Given the importance of Chinese character trademarks for the Chinese market, brand owners are naturally concerned about the ways to translate the original Latin trademark into Chinese. In brief, there are three types of translation.
One is phonetic transliteration. This is the translation of Latin text into Chinese based on sound, i.e. to ensure the Chinese characters, when reading out, sound the same or similar with the original Latin text. There are pros and cons for this way of translation. The advantage is that the brand owner can ensure consistency of its mark in terms of the sound, whether the mark is in Latin or in Chinese. The disadvantage is that the translated mark may not have any sensible meaning in Chinese. Thus the Chinese mark may be unfamiliar to normal Chinese consumers and sometimes hard for them to remember. Some brand owners prefer phonetic transliteration, because the Western brand is still considered as a luxury and a symbol of high social class in China. Consumers of Western branded products may want to retain this “Western” feeling in relation to the translated Chinese marks.
Another is translation by meaning. Obviously, the purpose of this approach is to convey the meanings of the Latin text to the Chinese translation. Again, there are pros and cons for this way of translation too. In contrast to the phonetic transliteration above, the advantage is that the Chinese marks thus generated are usually simple, concise and meaningful in terms of Chinese, and thus easy to remember by Chinese consumers. The disadvantage is that the phonetic link between the original Latin mark and the translated Chinese mark is cut. Brand owners, as well as consumers, may feel that there is no strong link between the original mark and the Chinese mark, and that the two marks appear distant from each other, unless extensive marketing and promotion has resulted in a strong association between the two.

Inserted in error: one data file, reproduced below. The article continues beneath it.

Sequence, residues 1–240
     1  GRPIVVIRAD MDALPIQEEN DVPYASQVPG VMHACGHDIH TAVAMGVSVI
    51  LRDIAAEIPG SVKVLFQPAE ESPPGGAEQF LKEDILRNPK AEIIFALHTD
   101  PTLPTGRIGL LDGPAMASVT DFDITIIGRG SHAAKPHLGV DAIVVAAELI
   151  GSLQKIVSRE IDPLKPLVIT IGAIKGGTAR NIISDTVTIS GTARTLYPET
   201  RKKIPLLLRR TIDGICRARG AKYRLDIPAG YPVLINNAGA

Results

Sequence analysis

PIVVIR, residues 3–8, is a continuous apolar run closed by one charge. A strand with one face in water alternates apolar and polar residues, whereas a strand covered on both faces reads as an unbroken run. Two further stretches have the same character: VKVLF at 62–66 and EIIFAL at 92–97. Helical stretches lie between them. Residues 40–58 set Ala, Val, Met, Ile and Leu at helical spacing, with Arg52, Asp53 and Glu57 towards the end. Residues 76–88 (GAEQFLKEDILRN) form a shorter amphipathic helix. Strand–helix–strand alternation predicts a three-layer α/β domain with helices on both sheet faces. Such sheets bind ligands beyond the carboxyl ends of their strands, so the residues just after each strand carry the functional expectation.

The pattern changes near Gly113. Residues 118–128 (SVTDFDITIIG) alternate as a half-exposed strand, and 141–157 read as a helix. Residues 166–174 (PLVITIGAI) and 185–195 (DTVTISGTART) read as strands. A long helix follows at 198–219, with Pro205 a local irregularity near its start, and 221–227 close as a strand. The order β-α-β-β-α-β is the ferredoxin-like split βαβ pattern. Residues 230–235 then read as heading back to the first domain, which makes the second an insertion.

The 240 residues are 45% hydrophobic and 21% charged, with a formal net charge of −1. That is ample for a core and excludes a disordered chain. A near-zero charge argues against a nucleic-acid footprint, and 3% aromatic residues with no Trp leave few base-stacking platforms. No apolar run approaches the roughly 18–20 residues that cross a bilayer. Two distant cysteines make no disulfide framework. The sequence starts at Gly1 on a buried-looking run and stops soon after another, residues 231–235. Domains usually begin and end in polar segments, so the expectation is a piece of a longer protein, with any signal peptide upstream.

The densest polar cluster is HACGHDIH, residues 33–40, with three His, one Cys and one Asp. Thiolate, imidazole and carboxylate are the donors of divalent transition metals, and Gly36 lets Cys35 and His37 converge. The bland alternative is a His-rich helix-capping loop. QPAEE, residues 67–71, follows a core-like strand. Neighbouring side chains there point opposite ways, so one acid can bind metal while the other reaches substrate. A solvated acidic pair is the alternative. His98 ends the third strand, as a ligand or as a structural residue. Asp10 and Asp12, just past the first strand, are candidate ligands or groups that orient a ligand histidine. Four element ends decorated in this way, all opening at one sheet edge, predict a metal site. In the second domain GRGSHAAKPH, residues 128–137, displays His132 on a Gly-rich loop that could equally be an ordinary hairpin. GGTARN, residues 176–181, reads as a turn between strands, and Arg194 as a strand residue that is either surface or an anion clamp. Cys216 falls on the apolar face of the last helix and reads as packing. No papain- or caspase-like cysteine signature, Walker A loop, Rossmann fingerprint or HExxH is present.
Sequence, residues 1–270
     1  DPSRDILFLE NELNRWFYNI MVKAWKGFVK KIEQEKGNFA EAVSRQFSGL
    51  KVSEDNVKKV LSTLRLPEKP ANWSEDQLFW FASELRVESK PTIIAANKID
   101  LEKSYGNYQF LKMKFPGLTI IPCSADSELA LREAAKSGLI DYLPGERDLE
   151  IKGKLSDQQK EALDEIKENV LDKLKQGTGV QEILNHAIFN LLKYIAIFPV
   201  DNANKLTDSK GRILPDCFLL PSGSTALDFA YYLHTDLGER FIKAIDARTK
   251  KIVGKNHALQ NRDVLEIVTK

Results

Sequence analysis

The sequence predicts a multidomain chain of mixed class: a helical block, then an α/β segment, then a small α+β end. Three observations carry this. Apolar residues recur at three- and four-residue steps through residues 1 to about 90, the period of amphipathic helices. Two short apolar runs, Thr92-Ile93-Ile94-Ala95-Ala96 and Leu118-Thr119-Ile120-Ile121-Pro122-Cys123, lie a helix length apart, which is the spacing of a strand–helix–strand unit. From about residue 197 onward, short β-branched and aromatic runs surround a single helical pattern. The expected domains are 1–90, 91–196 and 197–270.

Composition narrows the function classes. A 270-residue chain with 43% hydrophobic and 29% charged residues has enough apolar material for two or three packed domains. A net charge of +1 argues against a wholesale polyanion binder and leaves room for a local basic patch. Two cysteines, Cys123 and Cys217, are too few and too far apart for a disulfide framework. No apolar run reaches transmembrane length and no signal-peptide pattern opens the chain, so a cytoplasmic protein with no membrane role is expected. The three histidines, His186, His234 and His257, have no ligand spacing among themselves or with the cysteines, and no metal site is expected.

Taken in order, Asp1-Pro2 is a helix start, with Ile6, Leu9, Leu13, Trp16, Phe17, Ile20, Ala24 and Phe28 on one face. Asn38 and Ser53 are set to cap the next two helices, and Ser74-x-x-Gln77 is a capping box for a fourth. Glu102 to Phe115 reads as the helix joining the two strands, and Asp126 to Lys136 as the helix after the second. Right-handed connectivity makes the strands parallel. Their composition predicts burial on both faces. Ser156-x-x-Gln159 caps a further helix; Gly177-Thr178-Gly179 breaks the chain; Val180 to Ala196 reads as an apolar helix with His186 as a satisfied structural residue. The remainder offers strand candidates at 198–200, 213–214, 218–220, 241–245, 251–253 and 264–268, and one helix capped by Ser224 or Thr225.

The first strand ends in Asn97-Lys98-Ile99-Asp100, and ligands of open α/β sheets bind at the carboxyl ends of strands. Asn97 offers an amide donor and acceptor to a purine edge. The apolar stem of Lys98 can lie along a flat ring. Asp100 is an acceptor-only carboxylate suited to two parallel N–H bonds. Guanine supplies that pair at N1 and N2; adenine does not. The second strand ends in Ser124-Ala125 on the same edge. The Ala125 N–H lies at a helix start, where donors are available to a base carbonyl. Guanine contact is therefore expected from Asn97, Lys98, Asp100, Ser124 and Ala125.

The third is a combination of the above two ways, i.e. translation which balances phonetic similarity with clear meanings in Chinese. This is usually the ideal solution for the brand owners to translate their marks into Chinese. A clever, simple and meaningful translation can have strong impact to the consumer’s memory and fondness of the brand. Some good examples of Chinese translation of trade marks are “Coca Cola”, “Benz”, and “Safeguard”.
There are also service providers in China which specialize in devising Chinese names for either foreign individuals and foreign company names as well as trade marks. Trademark agents normally offer the service of phonetic transliteration only. Their level of expertise differs quite significantly. When brand owners instruct an agent to devise a Chinese name for their brand, they shouldn’t just leave it to the agent’s discretion. They are advised to actively tell the agent the intended effect and purpose of the Chinese mark, and ask the agent to explain the cultural meanings or connotations of each of the Chinese characters in the mark.
About the author(s)
Dr. Jian Xu is an internationally recognized China intellectual property expert. He is the Managing Director and Head of IP Prosecution of Gowling WLG Beijing. He has been a dually qualified Chinese lawyer and patent/trademark attorney since 2006 and has handled all aspects of IP in China.